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Metabolism. 1983 Jun;32(6):571-80.

Stanozolol in postmenopausal osteoporosis: therapeutic efficacy and possible mechanisms of action.

Abstract

To assess the efficacy of the anabolic steroid stanozolol in the treatment of osteoporosis, a 29-month double-blind study was performed with 23 treated and 23 control postmenopausal osteoporotic women. Drug efficacy was assessed by serial determinations of total body calcium (TBC--total bone mass) by neutron activation analysis, regional bone mass (RBM) by single-photon absorptiometry, and by spinal roentgenograms. Total body calcium increased 4.4% from baseline values (P less than 0.01) in the treated group and remained unchanged in the control group; the difference in the change in TBC between the treated and control groups was significant (P less than 0.03). The effect of the drug on TBC persisted throughout the 29-month period. In contrast to TBC, measurements of RBM indicated no significant differences between the treated and placebo groups, suggesting a possible differential response to therapy at various skeletal sites. No new spinal compression fractures were noted in the treated group (compared with three new fractures in the control group). Assessment of serum and urine values indicated a decrease in the level of urinary calcium and an increase in the level of total urinary cyclic AMP in the treated group. These changes were observed even though the level of serum iPTH was significantly decreased during the study. An analysis of changes in bone biopsy specimens revealed no significant differences between the treated and control groups. Seventy-six percent of the treated subjects developed SGOT elevations or other side effects from the stanozolol therapy; at no time were these effects sufficiently severe to cause termination of medication. The data suggest that long-term use of stanozolol increases the net total bone mass above pretreatment levels.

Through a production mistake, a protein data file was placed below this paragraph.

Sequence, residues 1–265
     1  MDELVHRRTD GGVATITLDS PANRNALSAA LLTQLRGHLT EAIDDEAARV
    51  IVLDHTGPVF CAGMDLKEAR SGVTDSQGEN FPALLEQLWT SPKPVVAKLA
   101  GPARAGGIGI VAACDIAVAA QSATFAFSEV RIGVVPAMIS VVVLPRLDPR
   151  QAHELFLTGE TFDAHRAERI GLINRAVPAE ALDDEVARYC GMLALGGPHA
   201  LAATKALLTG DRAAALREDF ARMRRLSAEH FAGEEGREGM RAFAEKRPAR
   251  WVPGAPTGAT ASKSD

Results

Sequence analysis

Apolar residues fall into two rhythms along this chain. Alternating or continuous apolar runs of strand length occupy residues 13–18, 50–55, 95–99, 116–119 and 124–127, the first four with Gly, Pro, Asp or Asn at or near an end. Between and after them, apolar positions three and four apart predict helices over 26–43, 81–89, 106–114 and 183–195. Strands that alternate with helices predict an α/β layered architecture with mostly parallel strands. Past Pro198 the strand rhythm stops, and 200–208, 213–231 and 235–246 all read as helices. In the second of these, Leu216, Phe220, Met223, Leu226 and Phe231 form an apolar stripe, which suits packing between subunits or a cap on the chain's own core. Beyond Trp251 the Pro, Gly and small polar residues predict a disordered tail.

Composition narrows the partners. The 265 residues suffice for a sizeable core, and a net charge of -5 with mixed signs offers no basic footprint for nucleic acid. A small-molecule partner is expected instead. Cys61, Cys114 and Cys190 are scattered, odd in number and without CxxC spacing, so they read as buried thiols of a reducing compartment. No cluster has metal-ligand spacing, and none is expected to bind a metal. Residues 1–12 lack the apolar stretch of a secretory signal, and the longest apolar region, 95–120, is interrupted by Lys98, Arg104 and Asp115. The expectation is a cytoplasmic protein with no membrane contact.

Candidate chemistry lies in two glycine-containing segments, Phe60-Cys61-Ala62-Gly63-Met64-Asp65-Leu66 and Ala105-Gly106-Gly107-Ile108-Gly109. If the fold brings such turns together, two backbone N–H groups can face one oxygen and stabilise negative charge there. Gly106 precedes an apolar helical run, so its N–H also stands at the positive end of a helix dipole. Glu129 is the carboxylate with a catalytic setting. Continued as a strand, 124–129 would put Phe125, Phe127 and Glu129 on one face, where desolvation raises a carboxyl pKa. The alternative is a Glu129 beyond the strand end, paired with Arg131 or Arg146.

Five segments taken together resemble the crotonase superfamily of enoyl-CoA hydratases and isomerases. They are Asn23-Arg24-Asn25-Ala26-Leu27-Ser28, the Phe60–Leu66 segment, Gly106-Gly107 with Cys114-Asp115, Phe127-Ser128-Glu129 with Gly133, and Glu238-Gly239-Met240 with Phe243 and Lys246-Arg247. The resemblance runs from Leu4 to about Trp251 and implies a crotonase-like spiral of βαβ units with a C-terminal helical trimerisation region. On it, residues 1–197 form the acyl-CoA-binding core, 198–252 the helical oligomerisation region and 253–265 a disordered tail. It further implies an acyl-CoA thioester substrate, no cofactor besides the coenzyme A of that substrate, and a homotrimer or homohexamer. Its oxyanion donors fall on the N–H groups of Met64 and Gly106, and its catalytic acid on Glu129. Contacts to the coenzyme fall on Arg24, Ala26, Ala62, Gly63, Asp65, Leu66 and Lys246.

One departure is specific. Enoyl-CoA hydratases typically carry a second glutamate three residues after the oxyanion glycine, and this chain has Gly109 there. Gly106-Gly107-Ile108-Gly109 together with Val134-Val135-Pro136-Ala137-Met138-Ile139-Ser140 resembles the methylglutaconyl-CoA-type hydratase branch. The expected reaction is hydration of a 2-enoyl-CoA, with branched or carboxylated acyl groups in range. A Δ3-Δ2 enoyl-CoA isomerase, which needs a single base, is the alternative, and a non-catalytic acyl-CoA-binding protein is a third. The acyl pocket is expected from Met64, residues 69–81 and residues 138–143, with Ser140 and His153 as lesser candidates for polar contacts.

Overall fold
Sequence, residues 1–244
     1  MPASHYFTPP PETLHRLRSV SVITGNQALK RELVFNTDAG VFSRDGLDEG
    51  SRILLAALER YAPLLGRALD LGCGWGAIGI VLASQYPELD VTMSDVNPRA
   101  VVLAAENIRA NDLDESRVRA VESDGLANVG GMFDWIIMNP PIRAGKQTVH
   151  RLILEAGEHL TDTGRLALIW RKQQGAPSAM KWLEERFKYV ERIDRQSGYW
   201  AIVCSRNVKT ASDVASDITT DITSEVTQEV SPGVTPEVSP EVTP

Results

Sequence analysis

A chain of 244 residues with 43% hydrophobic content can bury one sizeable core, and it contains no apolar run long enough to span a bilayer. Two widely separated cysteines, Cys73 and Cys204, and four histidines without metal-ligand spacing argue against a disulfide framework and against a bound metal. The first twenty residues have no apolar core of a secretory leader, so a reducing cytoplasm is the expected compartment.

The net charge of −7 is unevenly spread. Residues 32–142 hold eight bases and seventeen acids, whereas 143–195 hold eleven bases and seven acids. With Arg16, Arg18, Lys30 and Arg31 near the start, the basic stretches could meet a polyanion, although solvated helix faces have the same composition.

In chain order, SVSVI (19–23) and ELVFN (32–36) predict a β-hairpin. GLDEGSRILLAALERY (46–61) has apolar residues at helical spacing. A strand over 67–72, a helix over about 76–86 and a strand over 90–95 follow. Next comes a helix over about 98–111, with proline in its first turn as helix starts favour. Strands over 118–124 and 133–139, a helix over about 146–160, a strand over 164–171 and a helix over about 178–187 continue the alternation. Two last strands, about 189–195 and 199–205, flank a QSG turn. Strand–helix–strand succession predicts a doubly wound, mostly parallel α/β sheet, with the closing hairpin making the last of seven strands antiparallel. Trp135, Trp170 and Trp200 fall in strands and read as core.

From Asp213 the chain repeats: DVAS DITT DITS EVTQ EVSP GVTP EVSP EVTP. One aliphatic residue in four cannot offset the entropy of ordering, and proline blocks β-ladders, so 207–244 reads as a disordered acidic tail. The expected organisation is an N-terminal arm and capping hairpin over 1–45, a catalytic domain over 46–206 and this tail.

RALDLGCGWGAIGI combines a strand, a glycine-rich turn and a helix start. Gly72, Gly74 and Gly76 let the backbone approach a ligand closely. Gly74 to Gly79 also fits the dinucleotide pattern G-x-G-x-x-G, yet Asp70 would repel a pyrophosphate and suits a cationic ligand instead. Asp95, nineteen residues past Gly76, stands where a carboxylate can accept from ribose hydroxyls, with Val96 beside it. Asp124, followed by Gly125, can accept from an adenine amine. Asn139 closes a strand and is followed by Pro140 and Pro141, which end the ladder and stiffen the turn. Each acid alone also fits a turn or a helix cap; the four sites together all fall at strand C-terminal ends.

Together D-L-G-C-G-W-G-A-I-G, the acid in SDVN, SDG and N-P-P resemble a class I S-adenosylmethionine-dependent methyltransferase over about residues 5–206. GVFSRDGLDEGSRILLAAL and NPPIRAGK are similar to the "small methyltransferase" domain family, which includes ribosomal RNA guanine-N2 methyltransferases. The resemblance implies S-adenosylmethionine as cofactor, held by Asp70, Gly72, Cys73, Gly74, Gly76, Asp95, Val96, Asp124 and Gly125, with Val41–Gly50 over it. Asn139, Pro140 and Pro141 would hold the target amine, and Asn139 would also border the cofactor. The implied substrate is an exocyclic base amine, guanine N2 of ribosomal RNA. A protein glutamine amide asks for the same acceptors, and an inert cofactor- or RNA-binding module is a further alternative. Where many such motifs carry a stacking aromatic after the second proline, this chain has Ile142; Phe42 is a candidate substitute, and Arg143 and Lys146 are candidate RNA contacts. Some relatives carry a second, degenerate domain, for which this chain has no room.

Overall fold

PMID:
6341772
DOI:
10.1016/0026-0495(83)90027-6
[Indexed for MEDLINE]

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